Great British Bake Off is back on TV and – according to other people who have written about Bake Off this week (proper people who get paid for their opinions) – it is the tonic to raise our spirits amidst a dark year as we head into a darker winter.
But, unlike them, I’m not sure I’m convinced.
I’ve watched a couple of episodes over the years (back when I was a person who got paid to present facts rather than get paid for opinions) and wasn’t convinced then but am going to try again this year because, like the proper people say, we do need a tonic to raise our spirits.
So . . . I was ready to enjoy the episode at 8pm on Thursday night with millions of others across the UK (well, I would have been if I hadn’t been out running so ended up watching it two hours later).
There are definitely some positives to Bake Off being back on our screens:
I like the way it is a viewing event suitable for all the family and has become a national institution.
There’s no binge watching because the whole series hasn’t been released for streaming. Instead people will all get to watch at the same time (or almost the same time) and develop their thoughts on their favourite bakers at the same time (so far I cannot remember any of them).
But the first episode has left me with more questions than answers:
When they made the pineapple upside down cakes they were told to put cream and a cherry on top. Why?
Why did they have to put cream on when in the previous scene when Prue Leith and Paul Hollywood are talking about what they are looking for in the task they are eating one with custard?
Who scripts the annoying pointless voiceover parts?
At some point during the show (I believe when they are making Battenburg cake) there’s a voiceover from Noel Fielding where he says: “The sooner the sponges begin baking, the sooner they can be cooled.” I’m not joking. That’s what he says. Give him the BAFTA for stating the obvious now and cancel all the other categories.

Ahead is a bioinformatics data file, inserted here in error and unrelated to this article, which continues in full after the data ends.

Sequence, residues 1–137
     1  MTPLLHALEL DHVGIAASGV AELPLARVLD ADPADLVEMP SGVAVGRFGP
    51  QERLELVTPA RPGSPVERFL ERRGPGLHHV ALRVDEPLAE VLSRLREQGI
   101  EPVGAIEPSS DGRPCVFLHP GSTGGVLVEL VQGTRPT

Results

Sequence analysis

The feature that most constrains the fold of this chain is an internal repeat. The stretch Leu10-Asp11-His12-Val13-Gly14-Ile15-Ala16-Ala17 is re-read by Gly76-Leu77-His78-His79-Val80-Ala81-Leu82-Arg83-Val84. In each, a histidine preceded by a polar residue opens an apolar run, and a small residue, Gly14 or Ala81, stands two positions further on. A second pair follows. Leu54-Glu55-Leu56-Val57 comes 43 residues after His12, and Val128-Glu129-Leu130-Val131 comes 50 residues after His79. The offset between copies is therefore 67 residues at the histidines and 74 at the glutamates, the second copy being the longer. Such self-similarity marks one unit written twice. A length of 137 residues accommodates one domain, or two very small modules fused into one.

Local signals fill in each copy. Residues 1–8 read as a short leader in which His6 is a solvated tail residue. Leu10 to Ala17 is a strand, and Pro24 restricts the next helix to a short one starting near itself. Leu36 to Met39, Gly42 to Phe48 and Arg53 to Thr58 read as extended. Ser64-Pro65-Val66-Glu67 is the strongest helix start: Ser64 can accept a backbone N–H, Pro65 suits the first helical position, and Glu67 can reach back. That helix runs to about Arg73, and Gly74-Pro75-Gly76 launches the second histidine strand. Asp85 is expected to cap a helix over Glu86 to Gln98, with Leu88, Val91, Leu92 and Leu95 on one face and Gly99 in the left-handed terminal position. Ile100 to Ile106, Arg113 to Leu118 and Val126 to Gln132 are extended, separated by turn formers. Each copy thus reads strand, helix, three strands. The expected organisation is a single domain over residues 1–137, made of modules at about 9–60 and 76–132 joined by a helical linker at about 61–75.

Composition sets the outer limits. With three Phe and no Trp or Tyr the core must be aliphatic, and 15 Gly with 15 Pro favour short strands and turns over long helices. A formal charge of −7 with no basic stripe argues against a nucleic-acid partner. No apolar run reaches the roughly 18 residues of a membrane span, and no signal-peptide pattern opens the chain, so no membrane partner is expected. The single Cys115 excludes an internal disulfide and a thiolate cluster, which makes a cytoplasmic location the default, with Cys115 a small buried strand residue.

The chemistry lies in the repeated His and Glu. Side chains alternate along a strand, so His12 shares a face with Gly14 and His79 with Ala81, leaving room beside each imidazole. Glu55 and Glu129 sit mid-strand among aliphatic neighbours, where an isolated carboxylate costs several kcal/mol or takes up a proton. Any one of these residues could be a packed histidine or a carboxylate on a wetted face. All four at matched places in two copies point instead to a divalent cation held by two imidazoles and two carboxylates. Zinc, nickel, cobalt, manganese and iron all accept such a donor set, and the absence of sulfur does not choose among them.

He would have been better off singing a Mighty Boosh song (please at some point they have to make an eel pie. He’d be in his element then).
My main question for the handful of episodes I’ve seen over the years has always been about the showstopper task.
Why do they film Paul Hollywood announcing this as if it is coming as a big surprise to them?
Occasionally you’ll even get a few pieces to camera where the contestants are taken outside the tent and have to talk about how tricky it is and how unprepared they are. Then other contestants inside the tent will talk about how they have practiced it at home a million times.
If they all practice it at home then why do we have to endure the fake surprise when the task is announced?
My other complaint about Great British Bake Off is the way they film it to make it look like baking is really difficult.
Yes, it’s difficult to be brilliant at but what these past few months have taught mostly everyone (if Instagram is to be believed – and you should never believe anything you see on Instagram unless you chanced upon Fiskal Policy through Instagram) is that it’s okay to try to bake.
It doesn’t matter if the bottom is a bit soggy or the cake didn’t rise like morning glory, as long as you enjoyed making it and liked eating it then that’s okay.
You’ll get better – baking really is something where it’s the taking part that counts (but probably read the recipe more carefully next time yeah)
It’s the same with Masterchef and other similar shows where they say “fish is difficult to get right” and we now have people who go out to the pub on a Sunday to have a roast dinner because they don’t realise it’s simple to make at home.
Adapting the words of my ex-stalker slightly (from the night I told her I wouldn’t go out with her): Can’t you at least try?
Watch Bake Off and be inspired by their creations and then try and find some flour before the stockpiling makes it impossible (the people who bought six months supply of toilet paper back in March have seemingly run out again leading to bare shelves so it’s surely only a matter of time before flour and eggs suffer the same fate) then enjoy it.
Enjoy yourself more than I enjoyed the first episode but I’ll persevere if you promise to bake something and persevere even if it doesn’t turn out the way you expected.
In that way Bake Off is a lot like life and that’s where its appeal truly lies.
Everything has changed over the past few months and, just as people have had to adapt to the world in which we are living, so has Bake Off.
Instead of being able to go home and see their loved ones and practice some of the tasks, then practice their fake surprise face for when the task is announced on camera, this time they are all staying in the same hotel separated from the rest of the world in a kind of Covid-19 bubble.
It’s a bit like The Apprentice but without over confident people in suits shouting at mobile phones.
If anyone from Channel 4 has read this far – I’d definitely watch a Big Brother style spin-off show where we get to see what they get up to when they aren’t beating eggs and whipping cream.
We could discover who is flakier than puff pastry and who looks sweet but leaves a sour taste in the mouth. So many questions could be answered once and for all.
Until then, we’ll just have to imagine whether tempers flare up faster than it takes to heat an oven or whether when the cameras are off they sit nicely together sipping Pennyroyal tea.
Stay safe for another week!